Study Shows When, Where, How Much Motorists Drive

On average, Americans drive 29.2 miles per day, making two trips with an average total duration of 46 minutes. This and other revealing data are the result of a ground-breaking study currently underway by the AAA Foundation for Traffic Safety and the Urban Institute.

The Foundation’s new American Driving Survey offers the most up-to-date, comprehensive look at how much Americans drive on a daily and yearly basis.  First-year data, collected May 2013 through May 2014, is available now from the ongoing study, which will set the benchmark for future data and ultimately reveal trends in Americans’ driving habits.

“This is the first ongoing study that provides a look at when and how much Americans are driving,” said Mary Maguire, Director of Public and Legislative Affairs for AAA Northeast.  “Existing federal data with this level of detail was last released in 2009, eight years after the previous release. This substantially limits the extent to which we can use existing data to draw conclusions about Americans’ current driving habits.”

The first-year results of the American Driving Survey revealed that:

  • Motorists age 16 years and older drive, on average, 29.2 miles per day or 10,658 miles per year.
  • Women take more driving trips, but men spend 25 percent more time behind the wheel and drive 35 percent more miles than women.
  • Both teenagers and seniors over the age of 75 drive less than any other age group; motorists 30-49 years old drive an average 13,140 miles annually, more than any other age group.
  • The average distance and time spent driving increase in relation to higher levels of education. A driver with a grade school or some high school education drove an average of 19.9 miles and 32 minutes daily, while a college graduate drove an average of 37.2 miles and 58 minutes.
  • Drivers who reported living “in the country” or “a small town” drive greater distances (12,264 miles annually) and spend a greater amount of time driving than people who described living in a “medium sized town” or city (9,709 miles annually).
  • Motorists in the South drive the most (11,826 miles annually), while those in the Northeast drive the least (8,468 miles annually).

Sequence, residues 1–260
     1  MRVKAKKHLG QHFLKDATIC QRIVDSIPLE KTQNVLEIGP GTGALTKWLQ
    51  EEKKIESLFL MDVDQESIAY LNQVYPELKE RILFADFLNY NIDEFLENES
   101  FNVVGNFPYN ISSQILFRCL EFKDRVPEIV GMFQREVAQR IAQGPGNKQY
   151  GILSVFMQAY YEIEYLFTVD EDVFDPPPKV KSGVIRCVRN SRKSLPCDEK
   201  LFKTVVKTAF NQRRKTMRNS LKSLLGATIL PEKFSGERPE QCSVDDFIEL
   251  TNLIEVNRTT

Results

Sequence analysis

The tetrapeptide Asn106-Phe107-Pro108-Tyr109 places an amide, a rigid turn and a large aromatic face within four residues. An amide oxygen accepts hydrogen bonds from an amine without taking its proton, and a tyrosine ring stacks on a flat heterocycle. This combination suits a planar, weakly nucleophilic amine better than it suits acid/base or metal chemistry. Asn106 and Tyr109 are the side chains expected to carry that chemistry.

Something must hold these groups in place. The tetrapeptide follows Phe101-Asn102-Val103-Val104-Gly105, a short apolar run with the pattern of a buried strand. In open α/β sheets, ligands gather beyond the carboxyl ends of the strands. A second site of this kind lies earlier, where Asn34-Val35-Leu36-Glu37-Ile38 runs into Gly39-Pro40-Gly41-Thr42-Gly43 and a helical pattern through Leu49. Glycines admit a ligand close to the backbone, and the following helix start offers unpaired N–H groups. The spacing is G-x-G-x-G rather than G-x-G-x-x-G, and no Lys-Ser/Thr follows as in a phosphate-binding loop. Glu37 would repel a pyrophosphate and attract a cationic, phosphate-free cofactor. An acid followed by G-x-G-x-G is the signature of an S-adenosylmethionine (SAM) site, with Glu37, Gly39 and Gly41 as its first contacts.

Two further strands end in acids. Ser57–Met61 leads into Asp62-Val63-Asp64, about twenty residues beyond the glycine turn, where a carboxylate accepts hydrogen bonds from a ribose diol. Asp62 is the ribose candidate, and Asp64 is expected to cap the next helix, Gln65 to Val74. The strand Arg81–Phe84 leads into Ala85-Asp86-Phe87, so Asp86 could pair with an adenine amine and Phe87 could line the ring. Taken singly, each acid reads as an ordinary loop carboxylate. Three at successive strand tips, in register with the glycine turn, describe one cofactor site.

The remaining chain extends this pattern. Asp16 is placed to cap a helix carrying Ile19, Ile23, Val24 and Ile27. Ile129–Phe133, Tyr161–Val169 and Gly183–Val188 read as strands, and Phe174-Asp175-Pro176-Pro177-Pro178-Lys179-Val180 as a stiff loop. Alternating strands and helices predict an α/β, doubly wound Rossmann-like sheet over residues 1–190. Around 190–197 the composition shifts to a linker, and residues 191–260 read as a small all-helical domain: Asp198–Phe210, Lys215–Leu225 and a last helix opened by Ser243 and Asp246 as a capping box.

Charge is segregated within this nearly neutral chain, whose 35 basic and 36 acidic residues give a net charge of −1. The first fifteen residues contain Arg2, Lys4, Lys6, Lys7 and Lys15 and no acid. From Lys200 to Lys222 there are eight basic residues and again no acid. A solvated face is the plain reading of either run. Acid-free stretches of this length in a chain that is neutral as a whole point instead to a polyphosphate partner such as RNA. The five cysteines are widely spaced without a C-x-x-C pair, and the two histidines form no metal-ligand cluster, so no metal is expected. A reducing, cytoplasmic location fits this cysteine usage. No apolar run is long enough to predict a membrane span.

• On average, Americans drive fewer miles on the weekend than on weekdays.
  • Americans drive, on average, the least during winter months (January through March) at 25.7 miles daily; they drive the most during the summer months (July through September) at 30.6 miles daily.

“This new data, when combined with available crash data, will allow us to conduct unique, timely studies on crash rates for the first time,” continued Mary Maguire. “This will allow us to identify specific problems and evaluate various safety countermeasures to a degree never before possible.”

Results from the American Driver Survey were based on telephone interviews with a nationwide sample of 3,319 drivers who reported detailed information about all their driving trips taken the day before the interview. Data collection is ongoing; the information reported in the first-year results was collected between May 21, 2013 and May 31, 2014. The full results from the inaugural American Driving Survey are available online at

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Quincy RiverWalk April 25

The Neponset River Watershed Association is supporting the MA Department of Conservation and Recreation’s (DCR) Park Serve Day, by hosting a clean-up along the newly opened Quincy RiverWalk on Saturday, April 25 from 9 a.m. to noon.

“The Quincy Riverwalk is a great new resource to enable local families to enjoy the Neponset River,” said Ian Cooke, executive Director of the Watershed Association. “The cleanup will be a fun way to get everything looking great for the upcoming summer season.”

The Quincy Riverwalk is a new 2 mile trail that opened in the fall of 2014. It runs along the Neponset River between the Adams Inn and DCR’s Squantum Point Park. The trail is a public-private partnership involving the Adams Inn, Neponset Landing Apartments, DCR, the MBTA and Boston Scientific.

The Quincy Riverwalk was created over the last decade by the landowners working in partnership with community volunteers, the Neponset River Watershed Association, and the City of Quincy’s Community Preservation Committee. A map of the Quincy Riverwalk can be found at

DCR Park Serve Day involves volunteer projects all across the state. With the help of volunteers, DCR will spruce up park facilities, clean coastlines, clean and maintain trails, plant flowers, and more! These valuable resources belong to all of us, and we can all take pride in them. Since Park Serve Day began in 2006, tens of thousands of Massachusetts residents have helped to prepare Massachusetts state parks and beaches for the summer recreation season. Please plan to come out and join in on April 25th. It’s a great way to celebrate Earth Week.”